Including Files Recursively with Loader Applications in PHP

Welcome to the fourth chapter of the series that shows you how to build loader applications with PHP. Made up of seven parts, this series uses a variety of code samples to teach you how to create modular programs. These programs are capable of recursively including files required by a given application, without having to explicitly call any “include()/include_once()” or “require()/require_once()” PHP function.

And now that you’ve been introduced to the main goal of this series, it’s time to summarize the topics that were discussed in the last tutorial. In the previous part I went through the development of a file loading class in PHP 5. This class was capable of searching recursively for a determined file on the web server, based on a starting path passed to its “load()” main method.

Having a class like this makes it much easier to dynamically load resources and dependencies that may be located in different folders on the server. Its recursive “load()” method does the hard work and takes care of the whole loading process, independently of the location of a required file. 

Nonetheless, the best way to understand how this loader class works and how functional it can be in concrete situations is by setting up several examples that show it in action. 

Bearing in mind this idea, in this fourth installment of the series I’m going to provide you with a number of code samples that will demonstrate the actual benefits of using the “Loader” class created in the preceding tutorial. 

Now, let’s leave the boring theory behind us and see the real functionality of this recursive file loader program. Let’s jump in!

{mospagebreak title=Review: the loader() class so far} 

Before I start creating some examples aimed at illustrating how to use the file loading class built in the last article of this series, let’s recall quickly how it was defined originally. 

So, as a reminder, here’s the full source that corresponds to that class. Pay close attention to it, please: 

<?php

// define a recursive loader class

class Loader

{

private $file = ”;

private $path = ”;

// constructor (not implemented)

public function __construct(){}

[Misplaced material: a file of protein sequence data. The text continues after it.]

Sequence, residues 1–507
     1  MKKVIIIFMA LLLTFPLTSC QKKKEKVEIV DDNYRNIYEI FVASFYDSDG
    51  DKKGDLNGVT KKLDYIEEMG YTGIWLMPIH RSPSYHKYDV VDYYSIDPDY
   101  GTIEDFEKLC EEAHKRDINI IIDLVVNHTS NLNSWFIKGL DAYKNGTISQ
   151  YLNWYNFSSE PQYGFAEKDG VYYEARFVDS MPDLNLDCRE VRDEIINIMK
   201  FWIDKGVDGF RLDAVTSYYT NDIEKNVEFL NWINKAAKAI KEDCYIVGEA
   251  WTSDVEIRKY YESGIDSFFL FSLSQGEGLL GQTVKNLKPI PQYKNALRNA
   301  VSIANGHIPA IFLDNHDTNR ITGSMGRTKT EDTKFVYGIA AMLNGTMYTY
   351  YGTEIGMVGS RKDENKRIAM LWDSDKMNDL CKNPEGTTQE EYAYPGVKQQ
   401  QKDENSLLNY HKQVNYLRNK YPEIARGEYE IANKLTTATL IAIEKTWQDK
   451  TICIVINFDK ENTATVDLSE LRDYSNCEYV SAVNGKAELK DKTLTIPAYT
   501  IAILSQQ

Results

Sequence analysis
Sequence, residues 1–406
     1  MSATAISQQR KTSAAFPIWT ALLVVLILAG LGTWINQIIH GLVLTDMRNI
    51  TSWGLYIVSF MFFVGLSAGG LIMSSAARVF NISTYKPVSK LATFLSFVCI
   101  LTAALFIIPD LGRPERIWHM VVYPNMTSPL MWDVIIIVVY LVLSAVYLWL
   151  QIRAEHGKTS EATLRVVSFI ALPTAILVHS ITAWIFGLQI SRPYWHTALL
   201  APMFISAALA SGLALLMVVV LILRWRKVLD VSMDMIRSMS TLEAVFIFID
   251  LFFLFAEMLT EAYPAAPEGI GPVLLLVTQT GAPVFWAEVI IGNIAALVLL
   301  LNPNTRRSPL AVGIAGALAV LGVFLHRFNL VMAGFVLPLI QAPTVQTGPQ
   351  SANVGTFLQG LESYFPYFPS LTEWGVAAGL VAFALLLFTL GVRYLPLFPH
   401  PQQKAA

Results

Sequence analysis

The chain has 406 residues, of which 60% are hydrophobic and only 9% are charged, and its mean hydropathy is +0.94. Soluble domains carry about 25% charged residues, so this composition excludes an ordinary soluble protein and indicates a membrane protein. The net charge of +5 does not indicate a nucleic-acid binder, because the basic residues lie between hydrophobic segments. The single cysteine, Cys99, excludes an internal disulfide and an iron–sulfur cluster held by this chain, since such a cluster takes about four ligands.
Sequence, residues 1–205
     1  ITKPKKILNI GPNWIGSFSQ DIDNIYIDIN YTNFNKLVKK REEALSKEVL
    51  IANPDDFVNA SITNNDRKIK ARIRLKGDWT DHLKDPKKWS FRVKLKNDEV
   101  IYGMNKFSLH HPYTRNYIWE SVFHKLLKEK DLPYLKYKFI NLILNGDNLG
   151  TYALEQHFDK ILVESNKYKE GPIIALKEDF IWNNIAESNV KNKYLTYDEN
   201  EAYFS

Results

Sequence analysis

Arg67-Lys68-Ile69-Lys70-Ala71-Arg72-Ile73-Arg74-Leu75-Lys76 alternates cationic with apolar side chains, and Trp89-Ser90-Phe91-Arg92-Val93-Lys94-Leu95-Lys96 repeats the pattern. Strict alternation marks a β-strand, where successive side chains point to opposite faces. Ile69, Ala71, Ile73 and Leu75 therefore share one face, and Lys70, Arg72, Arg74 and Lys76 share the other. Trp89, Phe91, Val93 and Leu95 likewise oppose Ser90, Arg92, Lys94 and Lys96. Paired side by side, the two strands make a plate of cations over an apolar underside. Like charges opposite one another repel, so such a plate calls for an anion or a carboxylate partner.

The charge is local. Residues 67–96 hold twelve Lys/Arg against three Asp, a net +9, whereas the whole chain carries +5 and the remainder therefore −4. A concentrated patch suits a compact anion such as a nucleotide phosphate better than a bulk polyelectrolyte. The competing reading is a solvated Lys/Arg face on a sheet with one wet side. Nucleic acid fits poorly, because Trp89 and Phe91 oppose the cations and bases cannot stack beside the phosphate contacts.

// set file to load

public function set_file($file)

{

$this->file = $file;

}

 

// get file to load

public function get_file()

{

return $this->file;

 }

 

// set path to load file

public function set_path($path)

{

$this->path = $path;

}

 

// get path to load file

public function get_path()

{

return $this->path;

}

// load recursively specified file

public function load($file, $path)

{

if (file_exists($file))

{

require_once($file);

return;

}

else

{

if (is_dir($path))

{

if (FALSE !== ($handle = opendir($path)))

{

// search recursively the specified file

while (FAlSE !== ($dir = readdir($handle)))

{

if (strpos($dir, ‘.’) === FALSE)

{

$path .= ‘/’ . $dir;

$file = $path . ‘/’ . $this->file;

$this->load($file, $path);

}

}

}

closedir($handle);

}

}

}

}

 

Undeniably, aside from the non-implemented constructor, the workhorse of the above “Loader” class is clearly its “load()” method. It actually takes care of loading a targeted file via the “require()” PHP function. Of course, the most important detail to stress here is the method’s recursive implementation, which permits us to seek the required file through folders and subfolders within the specified path. 

Now that you’re hopefully familiar again with the way that the “Loader()” class functions, it’s time to begin coding some examples that will demonstrate its functionality in concrete situations. 

With that premise in mind, in the following section I’m going to set up a fictional scenario in which the loading class will be used for including a sample file, regardless of its location within a selected directory on the web server. 

To learn the full details of how this brand new example will be developed, click on the link that appears below and keep reading.

{mospagebreak title=Recursively including PHP files} 

As I explained in the segment that you just read, the best way to understand how the previous “Loader()” class functions is by developing some concrete examples that show how to use it. So, since the class’s main task is to include required files dynamically, I’m going to use the two sample files created in preceding articles. They looked like this:

 

(‘sample_file1.php’)

 

<?php

echo ‘ This file has been loaded with the Loader class.’ . ‘<br />';

?>

 

 

(‘sample_file2.php’)

 

<?php

echo ‘This file has been loaded at the following time: ‘ . date(‘H:i:s’);

?>